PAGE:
It's 48-48. What further incentive do you need?
I realise now that when I voted LibDem, in my Labour/Respect marginal constituency, what I was really voting for was the "progressive coalition" and that I should now feel angered enough to be turning to the Labour party.
To discover the views of the "progressive coalition" I look to the voting record of Ben Bradshaw, one of those who has explained it all to me by banging on about this again and again: it turns out that it includes strong progressive policies like being strongly for ID Cards; against laws to stop climate change; for the anti-terrorism laws of the last decade, ministerial intervention in inquests and a stricter asylum system; and opposing an inquiry into the Iraq war.
Yes, that's it. And what I really wanted was for the Ministry of Justice to remain in the hands of Jack Straw, someone I believe to have colluded in torture, and for others who I believe lied to take us into a disastrous war to remain in government as well.
It certainly couldn't possibly have been true that not only did I object to all of that, I put a very high priority on those specific issues.
First Christmas spent with Pashazade (and my mother, my siblings, in-laws, and their offspring, a grand total of 19 for Christmas dinner), which seemed to go well but you'd better ask her. Back just in time for lots of splendid people to come round for New Year.
One thing aside a bit of a meh year with its ups and downs. But the one thing, marrying Pashazade pretty much trumps all of that.
Hoping you all had a wonderful Christmas and New Year and that 2010 does it for you.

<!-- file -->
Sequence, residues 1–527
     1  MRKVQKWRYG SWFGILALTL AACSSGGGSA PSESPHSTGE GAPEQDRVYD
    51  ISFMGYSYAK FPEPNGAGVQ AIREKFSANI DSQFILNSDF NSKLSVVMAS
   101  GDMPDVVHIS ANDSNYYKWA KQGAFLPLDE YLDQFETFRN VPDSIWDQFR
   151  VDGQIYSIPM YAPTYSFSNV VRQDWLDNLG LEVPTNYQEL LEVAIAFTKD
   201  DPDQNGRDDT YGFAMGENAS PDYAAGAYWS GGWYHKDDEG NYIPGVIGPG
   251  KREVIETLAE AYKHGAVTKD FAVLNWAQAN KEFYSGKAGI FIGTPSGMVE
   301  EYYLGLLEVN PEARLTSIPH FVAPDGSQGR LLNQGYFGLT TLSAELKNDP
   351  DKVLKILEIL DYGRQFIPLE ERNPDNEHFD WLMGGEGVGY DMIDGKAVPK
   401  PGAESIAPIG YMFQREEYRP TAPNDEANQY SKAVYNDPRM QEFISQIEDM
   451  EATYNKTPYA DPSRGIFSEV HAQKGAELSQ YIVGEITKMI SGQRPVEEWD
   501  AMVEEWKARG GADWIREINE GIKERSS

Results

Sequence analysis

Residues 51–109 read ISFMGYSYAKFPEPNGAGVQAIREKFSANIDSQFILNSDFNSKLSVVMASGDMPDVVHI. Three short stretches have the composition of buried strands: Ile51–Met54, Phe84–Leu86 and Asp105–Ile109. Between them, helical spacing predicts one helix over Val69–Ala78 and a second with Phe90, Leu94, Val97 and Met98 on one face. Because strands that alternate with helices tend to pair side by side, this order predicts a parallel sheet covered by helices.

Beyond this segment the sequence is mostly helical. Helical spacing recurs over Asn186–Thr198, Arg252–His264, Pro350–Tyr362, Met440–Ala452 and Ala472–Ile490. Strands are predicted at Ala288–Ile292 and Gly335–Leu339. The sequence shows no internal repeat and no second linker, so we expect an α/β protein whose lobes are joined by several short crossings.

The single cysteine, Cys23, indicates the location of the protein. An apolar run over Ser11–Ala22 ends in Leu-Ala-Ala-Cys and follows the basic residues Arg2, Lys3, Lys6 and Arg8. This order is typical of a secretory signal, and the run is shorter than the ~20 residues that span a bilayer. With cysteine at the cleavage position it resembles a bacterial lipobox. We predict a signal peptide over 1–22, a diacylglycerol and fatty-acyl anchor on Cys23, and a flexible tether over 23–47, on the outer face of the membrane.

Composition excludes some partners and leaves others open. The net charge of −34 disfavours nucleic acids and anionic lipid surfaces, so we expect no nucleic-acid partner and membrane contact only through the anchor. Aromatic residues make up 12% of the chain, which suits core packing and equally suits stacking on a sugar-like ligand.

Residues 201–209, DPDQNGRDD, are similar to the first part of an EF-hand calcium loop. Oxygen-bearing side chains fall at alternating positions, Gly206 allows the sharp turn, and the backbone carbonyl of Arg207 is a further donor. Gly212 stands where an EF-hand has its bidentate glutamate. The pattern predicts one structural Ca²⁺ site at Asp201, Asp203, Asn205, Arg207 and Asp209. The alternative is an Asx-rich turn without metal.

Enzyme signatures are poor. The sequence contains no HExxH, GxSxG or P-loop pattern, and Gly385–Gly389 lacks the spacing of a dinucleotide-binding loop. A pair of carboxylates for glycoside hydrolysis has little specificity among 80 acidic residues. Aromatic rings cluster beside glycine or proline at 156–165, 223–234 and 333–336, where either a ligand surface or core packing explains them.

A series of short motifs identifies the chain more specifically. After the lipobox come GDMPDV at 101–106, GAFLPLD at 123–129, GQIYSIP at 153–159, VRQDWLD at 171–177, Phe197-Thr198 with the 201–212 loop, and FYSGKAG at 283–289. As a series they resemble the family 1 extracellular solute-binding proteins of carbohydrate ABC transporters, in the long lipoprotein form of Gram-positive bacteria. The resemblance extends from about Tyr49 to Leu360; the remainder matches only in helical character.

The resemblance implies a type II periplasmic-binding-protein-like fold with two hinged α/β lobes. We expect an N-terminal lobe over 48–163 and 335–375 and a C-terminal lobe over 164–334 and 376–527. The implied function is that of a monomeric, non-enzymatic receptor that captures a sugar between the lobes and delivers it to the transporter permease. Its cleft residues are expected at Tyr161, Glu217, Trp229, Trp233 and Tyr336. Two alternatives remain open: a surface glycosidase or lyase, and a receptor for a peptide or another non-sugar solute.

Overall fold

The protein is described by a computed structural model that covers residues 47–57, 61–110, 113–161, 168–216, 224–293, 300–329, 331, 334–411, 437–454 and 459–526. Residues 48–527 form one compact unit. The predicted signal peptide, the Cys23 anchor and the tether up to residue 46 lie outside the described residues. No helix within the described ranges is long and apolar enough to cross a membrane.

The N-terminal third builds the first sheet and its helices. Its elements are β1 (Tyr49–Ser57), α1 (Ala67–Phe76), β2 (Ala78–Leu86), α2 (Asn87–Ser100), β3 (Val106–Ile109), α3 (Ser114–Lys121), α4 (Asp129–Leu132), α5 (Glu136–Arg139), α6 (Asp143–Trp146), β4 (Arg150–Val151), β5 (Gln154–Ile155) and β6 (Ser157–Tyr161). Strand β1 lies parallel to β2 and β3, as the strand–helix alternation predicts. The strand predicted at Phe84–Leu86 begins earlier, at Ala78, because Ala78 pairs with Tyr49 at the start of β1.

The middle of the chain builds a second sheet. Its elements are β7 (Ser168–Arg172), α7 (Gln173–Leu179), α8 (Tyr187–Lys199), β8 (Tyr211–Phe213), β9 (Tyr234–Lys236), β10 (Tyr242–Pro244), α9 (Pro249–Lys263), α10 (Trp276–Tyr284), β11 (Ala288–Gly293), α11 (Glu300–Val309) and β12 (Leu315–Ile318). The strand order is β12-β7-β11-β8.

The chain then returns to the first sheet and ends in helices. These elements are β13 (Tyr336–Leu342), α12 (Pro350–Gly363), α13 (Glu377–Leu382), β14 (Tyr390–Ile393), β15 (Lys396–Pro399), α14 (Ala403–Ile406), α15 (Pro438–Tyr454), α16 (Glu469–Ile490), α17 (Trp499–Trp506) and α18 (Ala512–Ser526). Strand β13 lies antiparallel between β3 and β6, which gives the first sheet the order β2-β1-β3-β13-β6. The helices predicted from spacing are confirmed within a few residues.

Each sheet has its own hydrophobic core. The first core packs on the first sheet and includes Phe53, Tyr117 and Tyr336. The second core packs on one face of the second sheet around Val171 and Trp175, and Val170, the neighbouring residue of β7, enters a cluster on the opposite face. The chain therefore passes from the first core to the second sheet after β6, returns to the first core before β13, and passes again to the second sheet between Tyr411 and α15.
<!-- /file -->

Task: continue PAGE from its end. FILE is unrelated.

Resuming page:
Not my field at all but has something happened to article 9 of the Bill of Rights while I wasn't looking? This doesn't quite fit with my understanding of how that works these days, particularly in the light of subsections 13(4) and 13(5) of the Defamation Act 1996, (nb that the privilege is not limited to defamation actions). And John Wilkes is spinning in his grave.
Good to see the Speccie coming to the Grauniad's defence though.
"Does Magna Carta mean nothing to you? Did she die in vain?"
ETA: Trafigura have now caved, shortly before the return date of 2PM today. Thought there were a surprising number of journalists round the back door when I went over this morning.
ETFA: the main story is to be found here, and see also Wikipedia. Do we think Trafigura, and Carter-Ruck, are maybe learning a bit about unintentional viral anti-marketing and the Streisand Effect? Though I can see some merit in Daniel Davies' suggestion that the Guardian may have been rather clever. The original injunction was granted on 11th September and Rusbridger twittered to that effect that day. On 12th October what he said was "Now Guardian prevented from reporting parliament for unreportable reasons. Did John Wilkes live in vain?" with a link to the Guardian story but no mention of a further injunction. What is not entirely clear to me is whether there was actually a further injunction on the 11th or 12th October covering reporting of the Parliamentary question listed for today, or whether it was merely that the 11th September injunction was so widely drawn as to cover reporting a parliamentary question, and/or Carter-Ruck insisted on the point (perhaps arguing it would be contempt) until withdrawing the whole application a couple of hours ago, shortly before the return. In which case it may be material to observe, as Davies does, that Farrelly has connections to Guardian/Observer people. Of course the point would not have arisen until someone actually did ask a question in the House.
Either way, the Grauniad deserves applause, as do BBC Newsnight, who are also in the frame on this one.
I have been known to criticise programmes such as Judge John Deed (shurely Deed J, and why is he always on circuit, and what is a QB judge doing hearing family applications, and and) for slight inaccuracies in their depiction of life at the Bar and on the Bench. This morning I have finally realised that in truth, it's only my* professional life that is sadly lacking in drama:Exhibit 1 Exhibit 2
Incidentally, am slightly perturbed by this "secretive world of millionaire lawyers". I must have missed all the memos.